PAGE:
The Changing Face of the Rabbinate
Exclusively the territory of young men for so long, rabbinical schools today in the non-Orthodox movements are welcoming women and gay students.
As the debate continues in the Orthodox world, women's presence in non-Orthodox seminaries has quickly grown. Only eight years after Eilberg became the first female Conservative rabbi, women comprised more than half of the Jewish Theological Seminary's 1993 graduating class of rabbis, though those numbers did not hold up in the same way in subsequent years. In the Reform movement, women became a majority of rabbinical students around 2000, and the percentage has continued to grow--to more than two-thirds of the 2007 graduating class.
As more women become ordained, the influence of women in the rabbinate is only beginning to show. Women have now held key leadership posts in both the Conservative and Reform movements. And while there have been complaints that few women have become senior rabbis at large synagogues, it's hard to imagine that fact remaining true for long, as women rabbis grow more accepted, more experienced, and more numerous.
Just as women's ordination followed on the heels of the widespread growth of feminism, the debate over ordaining gay and lesbian rabbis followed the trajectory of the gay rights movement itself. As gay, lesbian, and transgender people gained more recognition, rights, and prominence in American society, the various non-Orthodox denominations began re-examining the exclusion of homosexuals from the rabbinate and began revising their policies accordingly.
Raised at first tentatively in the 1970s, the issue gained steam in the 1980s and 1990s, and continued to be controversial into the early years of the 21st century. As with the ordination of women, the Reconstructionist movement was the first to change its policy, deciding in 1984 to admit gay and lesbians to the rabbinate. The Reform movement followed in 1990.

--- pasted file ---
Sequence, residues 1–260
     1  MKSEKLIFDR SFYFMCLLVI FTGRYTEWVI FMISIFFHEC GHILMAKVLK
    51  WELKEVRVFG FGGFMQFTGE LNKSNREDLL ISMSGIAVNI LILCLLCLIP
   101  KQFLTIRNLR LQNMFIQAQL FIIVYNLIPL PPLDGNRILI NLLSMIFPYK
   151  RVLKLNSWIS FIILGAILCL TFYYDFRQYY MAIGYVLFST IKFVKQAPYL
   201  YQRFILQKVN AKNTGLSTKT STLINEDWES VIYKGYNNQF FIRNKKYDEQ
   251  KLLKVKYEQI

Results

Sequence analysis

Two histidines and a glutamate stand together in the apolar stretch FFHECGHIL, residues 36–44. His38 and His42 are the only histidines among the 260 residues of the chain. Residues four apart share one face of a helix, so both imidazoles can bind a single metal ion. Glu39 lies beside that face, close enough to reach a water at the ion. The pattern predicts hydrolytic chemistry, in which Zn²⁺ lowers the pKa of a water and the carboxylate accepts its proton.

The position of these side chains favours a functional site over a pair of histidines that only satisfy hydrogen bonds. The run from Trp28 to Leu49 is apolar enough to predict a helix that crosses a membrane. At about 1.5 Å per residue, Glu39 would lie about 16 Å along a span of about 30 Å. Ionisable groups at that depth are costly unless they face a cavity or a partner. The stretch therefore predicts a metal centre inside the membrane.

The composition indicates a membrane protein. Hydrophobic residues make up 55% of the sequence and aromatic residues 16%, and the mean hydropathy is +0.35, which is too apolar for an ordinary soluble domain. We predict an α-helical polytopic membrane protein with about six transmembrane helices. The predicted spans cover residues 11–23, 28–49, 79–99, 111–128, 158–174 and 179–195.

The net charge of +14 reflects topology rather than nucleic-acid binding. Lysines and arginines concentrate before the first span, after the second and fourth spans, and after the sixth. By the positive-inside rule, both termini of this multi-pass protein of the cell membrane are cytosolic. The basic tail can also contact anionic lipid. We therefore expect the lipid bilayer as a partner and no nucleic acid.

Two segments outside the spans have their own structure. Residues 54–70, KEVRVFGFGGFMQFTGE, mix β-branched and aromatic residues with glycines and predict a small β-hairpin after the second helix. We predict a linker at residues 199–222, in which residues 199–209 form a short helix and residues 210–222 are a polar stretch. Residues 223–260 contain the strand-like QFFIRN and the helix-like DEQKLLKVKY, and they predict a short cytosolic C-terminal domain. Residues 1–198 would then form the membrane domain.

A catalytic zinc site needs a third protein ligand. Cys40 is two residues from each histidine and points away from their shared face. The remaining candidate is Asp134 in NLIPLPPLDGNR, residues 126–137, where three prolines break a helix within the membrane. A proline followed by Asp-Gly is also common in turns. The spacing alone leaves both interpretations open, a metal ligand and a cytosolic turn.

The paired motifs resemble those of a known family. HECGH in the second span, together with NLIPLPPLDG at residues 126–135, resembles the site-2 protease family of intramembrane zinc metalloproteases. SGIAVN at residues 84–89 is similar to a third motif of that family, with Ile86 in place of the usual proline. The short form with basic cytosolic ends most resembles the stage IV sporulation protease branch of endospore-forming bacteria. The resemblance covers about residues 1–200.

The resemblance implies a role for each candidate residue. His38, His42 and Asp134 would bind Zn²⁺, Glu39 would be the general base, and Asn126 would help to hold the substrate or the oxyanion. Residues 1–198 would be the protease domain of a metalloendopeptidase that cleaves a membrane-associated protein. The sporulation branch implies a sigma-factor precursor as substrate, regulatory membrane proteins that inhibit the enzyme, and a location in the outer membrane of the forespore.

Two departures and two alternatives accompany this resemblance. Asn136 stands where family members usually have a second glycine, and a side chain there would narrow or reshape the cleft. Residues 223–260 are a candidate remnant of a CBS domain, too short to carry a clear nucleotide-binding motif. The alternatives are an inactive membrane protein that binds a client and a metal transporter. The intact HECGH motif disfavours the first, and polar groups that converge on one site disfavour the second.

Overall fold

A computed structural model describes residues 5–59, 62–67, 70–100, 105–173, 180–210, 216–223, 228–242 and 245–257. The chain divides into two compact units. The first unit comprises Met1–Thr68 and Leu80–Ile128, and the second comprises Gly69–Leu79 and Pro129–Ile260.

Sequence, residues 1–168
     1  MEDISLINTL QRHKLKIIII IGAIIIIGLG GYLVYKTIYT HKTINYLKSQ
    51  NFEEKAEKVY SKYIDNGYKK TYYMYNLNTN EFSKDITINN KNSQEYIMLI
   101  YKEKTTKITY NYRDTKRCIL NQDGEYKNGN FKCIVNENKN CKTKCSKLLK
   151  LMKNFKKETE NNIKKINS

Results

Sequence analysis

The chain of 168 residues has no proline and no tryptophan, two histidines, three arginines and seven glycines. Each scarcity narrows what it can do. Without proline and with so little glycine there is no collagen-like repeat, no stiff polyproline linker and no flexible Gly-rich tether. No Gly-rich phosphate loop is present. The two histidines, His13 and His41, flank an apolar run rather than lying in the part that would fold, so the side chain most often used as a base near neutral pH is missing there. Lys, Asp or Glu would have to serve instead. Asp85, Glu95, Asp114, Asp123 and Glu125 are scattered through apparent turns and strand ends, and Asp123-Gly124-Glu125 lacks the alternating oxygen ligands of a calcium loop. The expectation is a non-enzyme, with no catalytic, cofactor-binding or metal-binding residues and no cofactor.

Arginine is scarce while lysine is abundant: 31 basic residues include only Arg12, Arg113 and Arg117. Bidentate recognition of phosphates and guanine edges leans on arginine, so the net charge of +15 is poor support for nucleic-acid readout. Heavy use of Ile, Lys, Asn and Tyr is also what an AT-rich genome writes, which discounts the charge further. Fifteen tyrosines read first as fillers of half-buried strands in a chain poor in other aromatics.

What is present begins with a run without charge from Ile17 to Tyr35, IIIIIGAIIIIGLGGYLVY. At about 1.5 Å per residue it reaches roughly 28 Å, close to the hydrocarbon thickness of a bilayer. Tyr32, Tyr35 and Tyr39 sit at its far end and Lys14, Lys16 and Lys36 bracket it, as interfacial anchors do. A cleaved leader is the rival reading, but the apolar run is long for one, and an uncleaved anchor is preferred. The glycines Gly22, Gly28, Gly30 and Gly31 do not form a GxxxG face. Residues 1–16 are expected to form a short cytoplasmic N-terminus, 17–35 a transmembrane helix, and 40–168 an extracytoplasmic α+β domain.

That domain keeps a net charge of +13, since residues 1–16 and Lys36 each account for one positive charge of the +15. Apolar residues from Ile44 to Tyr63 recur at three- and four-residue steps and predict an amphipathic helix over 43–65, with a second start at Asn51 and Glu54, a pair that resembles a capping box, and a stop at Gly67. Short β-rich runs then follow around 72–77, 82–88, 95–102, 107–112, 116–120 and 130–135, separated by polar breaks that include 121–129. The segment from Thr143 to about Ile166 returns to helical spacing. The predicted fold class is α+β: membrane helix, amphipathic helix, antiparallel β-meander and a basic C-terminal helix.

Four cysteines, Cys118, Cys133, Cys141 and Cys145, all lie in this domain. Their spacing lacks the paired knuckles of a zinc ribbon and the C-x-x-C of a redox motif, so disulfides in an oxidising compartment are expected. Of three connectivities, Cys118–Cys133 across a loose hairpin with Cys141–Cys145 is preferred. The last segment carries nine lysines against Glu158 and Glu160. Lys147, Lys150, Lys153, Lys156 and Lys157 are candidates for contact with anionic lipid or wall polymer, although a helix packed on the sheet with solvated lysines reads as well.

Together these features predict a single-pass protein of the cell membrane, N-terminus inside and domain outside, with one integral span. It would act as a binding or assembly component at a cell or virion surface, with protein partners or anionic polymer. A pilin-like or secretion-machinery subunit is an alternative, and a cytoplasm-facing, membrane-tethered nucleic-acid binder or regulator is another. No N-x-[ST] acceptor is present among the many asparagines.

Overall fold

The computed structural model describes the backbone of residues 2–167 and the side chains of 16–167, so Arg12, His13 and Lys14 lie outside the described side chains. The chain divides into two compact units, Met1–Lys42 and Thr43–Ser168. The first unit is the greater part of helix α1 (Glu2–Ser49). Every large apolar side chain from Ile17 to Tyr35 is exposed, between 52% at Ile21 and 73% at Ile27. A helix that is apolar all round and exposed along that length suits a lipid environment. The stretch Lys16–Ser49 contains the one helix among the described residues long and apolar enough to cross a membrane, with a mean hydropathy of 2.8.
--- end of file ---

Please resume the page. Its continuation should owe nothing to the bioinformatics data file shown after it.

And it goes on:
In the Conservative movement, the issue proved at least as (and possibly more) controversial as ordaining women rabbis. After years of rancorous debate, the denomination's Committee on Jewish Law and Standards in late 2006 passed three different measures, one allowing gay rabbis and the other two forbidding it.
The split decisions essentially left it up to individual seminaries and synagogues to decide whether to accept gay rabbis. All eyes shifted to the Jewish Theological Seminary, the largest and most influential Conservative seminary, where the debate had raged for years. The school announced in March 2007 that it would begin accepting gay and lesbian students to its rabbinical and cantorial programs.
It's difficult to know how many gay and lesbian students are at these seminaries--or how many have studied and been ordained at them in the past while remaining quiet about their sexual orientation. In the Orthodox movement, there are few voices advocating the acceptance of gays and lesbians into communal life, let alone the rabbinate. But, as with the question of women, it's not an entirely verboten conversation in some parts of the Orthodox world.
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